Origin and History of Money: From Clay Tablets to Legal Tenders

Origin and History of Money: From Clay Tablets to Legal Tenders

The history of money also parallels the history of human civilization. It would be impossible to embrace modernity without embracing they monetary system fully. After all, the use of money pervades across critical facets of modern living.

Money is not a product of the contemporary society, however. Hence, this begs the questions: Who invented money? When did the use of money start? Where did money originate?

According to the annals of history, people from ancient times were already implementing loose systems of ascribing value to a particular object. They use these systems in trades or exchanges, as well as in guaranteeing debt obligations. Past the timelines of history, modern societies have finally adopted a legally structured system centered on using legal tenders and other instruments as mediums of payment.

Exploring the Origin and History of Money

Barters and Clay Tablets in Ancient Times

The origin and history of money date back to ancient times. Around 9000 BCE, for example, ancient people would barter goods they had in surplus for ones they lacked. Livestock, including cattle and produces such as grains, were the popular mediums of exchange. These commodities were the first money.

Writing emerged in the Near East around 8000 BCE as an economic necessity—particularly as an instrument for recording agricultural outputs and other trade transactions. By the end of 4000 BC, a more rigid writing system developed in the ancient civilization of Mesopotamia.

In his book “The Ascent of Money: A Financial History of the World,” Harvard professor Neil Fergusson discussed the first appearance of an apparent banking system in Babylonia about 4000 BC. To be specific, archeological excavations revealed clay tablets bearing inscriptions of official records of debts.

Actual inscriptions in the tablets included particular payable amounts expressed in numbers of grains or barleys. Although there were no formalized monetary instruments at that time, it is interesting to note that these clay tablets were identical to modern coins and legal tenders because they represented a unit of value. Moreover, these tablets were the first commodity money because their values come from an actual commodity.

Commodity money replaced bartering. Note that barter trade is an inefficient medium of exchange or mode of payment because it requires a direct and immediate exchange between actual goods and commodities. These goods and commodities may not always be available due to production limitations, including seasonality.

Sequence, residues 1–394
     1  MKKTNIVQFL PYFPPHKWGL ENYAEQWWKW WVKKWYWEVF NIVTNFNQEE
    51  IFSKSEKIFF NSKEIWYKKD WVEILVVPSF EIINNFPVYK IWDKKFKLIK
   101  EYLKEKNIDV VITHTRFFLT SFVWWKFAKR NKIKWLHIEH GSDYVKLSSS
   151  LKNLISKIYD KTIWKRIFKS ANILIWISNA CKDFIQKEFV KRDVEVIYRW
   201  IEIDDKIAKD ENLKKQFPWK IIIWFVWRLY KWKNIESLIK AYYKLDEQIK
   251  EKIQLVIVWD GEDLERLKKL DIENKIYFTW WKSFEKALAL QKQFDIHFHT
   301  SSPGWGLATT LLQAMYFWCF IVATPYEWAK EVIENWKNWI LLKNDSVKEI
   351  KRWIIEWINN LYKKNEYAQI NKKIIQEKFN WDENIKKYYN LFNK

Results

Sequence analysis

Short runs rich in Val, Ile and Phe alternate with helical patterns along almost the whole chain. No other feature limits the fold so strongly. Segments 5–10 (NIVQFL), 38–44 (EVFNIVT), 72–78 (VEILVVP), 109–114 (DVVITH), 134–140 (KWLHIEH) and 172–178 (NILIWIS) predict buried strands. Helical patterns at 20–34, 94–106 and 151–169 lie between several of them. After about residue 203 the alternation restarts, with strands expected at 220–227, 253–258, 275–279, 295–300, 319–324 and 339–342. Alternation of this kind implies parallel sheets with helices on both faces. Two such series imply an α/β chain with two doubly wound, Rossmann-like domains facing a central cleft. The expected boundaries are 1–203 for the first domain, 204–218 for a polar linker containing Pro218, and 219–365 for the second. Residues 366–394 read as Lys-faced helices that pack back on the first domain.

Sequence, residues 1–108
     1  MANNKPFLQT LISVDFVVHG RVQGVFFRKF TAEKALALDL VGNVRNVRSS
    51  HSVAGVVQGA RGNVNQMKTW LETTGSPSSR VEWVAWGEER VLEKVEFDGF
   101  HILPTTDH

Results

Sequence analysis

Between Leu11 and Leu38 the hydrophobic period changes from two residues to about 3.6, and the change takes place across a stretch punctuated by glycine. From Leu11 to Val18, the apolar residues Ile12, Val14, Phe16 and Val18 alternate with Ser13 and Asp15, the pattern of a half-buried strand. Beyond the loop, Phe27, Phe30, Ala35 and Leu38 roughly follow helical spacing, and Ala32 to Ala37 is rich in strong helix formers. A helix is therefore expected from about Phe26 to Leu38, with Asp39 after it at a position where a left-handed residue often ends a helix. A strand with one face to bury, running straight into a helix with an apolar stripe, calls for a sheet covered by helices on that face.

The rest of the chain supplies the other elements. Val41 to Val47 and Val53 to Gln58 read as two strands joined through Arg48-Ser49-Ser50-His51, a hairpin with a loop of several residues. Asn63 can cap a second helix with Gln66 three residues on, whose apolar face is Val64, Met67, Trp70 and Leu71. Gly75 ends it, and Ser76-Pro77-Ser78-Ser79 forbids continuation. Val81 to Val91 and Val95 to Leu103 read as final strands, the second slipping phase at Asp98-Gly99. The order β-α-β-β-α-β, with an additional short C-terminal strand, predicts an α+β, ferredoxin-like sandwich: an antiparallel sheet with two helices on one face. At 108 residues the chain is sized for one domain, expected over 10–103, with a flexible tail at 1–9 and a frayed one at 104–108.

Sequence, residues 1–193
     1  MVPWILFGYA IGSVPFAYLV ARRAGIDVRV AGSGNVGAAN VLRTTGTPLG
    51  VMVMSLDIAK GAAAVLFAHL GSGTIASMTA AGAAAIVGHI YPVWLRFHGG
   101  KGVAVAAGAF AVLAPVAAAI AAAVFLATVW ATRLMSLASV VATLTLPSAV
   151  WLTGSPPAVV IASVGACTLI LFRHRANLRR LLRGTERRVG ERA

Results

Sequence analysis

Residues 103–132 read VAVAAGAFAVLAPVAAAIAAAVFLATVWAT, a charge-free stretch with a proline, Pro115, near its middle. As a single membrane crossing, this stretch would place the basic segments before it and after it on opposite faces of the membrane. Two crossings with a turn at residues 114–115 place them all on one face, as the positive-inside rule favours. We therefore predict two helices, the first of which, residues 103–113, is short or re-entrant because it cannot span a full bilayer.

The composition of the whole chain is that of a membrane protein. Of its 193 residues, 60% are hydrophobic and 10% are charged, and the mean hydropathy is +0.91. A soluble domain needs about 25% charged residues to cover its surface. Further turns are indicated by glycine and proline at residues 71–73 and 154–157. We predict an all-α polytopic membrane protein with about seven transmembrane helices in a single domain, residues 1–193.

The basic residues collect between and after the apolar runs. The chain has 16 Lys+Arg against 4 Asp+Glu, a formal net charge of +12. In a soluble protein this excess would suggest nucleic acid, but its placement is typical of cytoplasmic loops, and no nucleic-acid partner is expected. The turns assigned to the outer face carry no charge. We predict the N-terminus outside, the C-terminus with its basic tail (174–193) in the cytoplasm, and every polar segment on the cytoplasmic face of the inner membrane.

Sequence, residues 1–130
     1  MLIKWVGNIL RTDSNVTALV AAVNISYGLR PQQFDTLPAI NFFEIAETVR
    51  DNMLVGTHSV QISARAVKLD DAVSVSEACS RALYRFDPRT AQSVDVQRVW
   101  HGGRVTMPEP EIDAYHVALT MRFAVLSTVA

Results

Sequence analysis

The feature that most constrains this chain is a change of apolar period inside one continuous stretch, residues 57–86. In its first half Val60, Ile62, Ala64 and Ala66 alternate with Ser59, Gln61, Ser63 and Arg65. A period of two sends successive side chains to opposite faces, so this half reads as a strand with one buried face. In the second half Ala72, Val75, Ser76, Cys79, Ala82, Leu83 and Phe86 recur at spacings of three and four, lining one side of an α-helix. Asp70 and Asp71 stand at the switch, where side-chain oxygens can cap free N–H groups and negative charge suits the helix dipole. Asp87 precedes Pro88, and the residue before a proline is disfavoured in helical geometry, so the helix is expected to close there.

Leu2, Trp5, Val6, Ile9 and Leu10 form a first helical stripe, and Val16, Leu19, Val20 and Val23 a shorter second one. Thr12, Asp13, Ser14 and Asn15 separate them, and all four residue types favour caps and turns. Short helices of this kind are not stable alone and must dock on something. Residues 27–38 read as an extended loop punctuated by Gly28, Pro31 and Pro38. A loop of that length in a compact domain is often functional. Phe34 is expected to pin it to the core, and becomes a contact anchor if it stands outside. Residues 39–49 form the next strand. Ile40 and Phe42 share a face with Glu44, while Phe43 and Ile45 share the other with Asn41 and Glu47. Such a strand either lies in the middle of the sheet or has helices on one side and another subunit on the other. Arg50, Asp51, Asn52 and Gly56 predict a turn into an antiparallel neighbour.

Cowrie Shells in China and Metal Coins

About 1500 BC, cowry shells obtained from islands in the Indian Ocean became the official medium of payment and, thus, an accepted form of commodity money in China. According to Gerry Bailey and Felicia Law, these shells became so crucial among the Chinese that they subsequently became the inspiration behind the Chinese character for money.

The Chinese also used miniature tool replicas such as spades and knives casted from bronze as a medium of exchange around 1000 to 200 BCE and round metal coins by 600 to 300 BCE. Around these periods, civilizations across the globe were also using attractive items as means of exchange, especially for acquiring more useful commodities.

People in Lydia, a kingdom in Asia Minor or modern-day Turkey under King Alyattes, invented crude coins in 560 BCE. They also produced and used separate gold and silver coins. This marked the emergence of the Lydian currency.

The use of coins also spread in Greece around 600 to 570 BCE. Macedonian King Alexander the Great fixed the ratio of silver to gold as ten to one around 336 to 323 BCE. Granaries in Egypt became banks, and Alexandria hosted the central bank of the Macedonian empire. This setup lasted from 330 BCE to 30 BCE.

Other societies around the world adopted their respective currencies. Rome, for example, minted and circulated silver coins beginning 269 BC. Britons were using swords as a form of currency around 54 to 30 BCE according to Julius Caesar.

Paper Money, Cards, and Digital Payments

The Song Dynasty in China introduced and used the first paper money in 910. When Marco Polo traveled to China around 1290, he subsequently introduced this form of currency in Europe. Gold coins, however, remained popular across Europe and in international commerce. Hence, Europeans digressed from adopting paper money until 1661, when Sweden printed the first banknotes. The use of monetized paper marked a turning point in the history of money.

There are many reasons for the eventual acceptance of money. The most important of which centers on the fact that paper money can be mass-produced, unlike limited precious metals, including gold and silver. Of course, despite this feature, central banks of different governments, normally, regulate the production of money.

With the arrival of the digital age, cashless transactions emerged. Western Union launched the first electronic money transfer via telegram in 1860. In 1946, John Biggins invented the so-called charge-it card—the first credit card in history.

Cashless and digital payments became more popular at the dawn of the new millennium, especially with the emergence of electronic commerce, mobile and Internet banking, and smart communication devices. Technology has fundamentally become a critical facilitator in advancing the history of money.

Paper currency through the fiat system remains prevalent. However, it is worth noting that digital records expressed most of the current value of money, or in other words, the amount of money held by individuals or organizations.

The emergence of decentralized cryptocurrencies or digital currencies, including Bitcoin beginning in 2009, is currently challenging the existing landscape built on paper money or, more appropriately, legal tenders.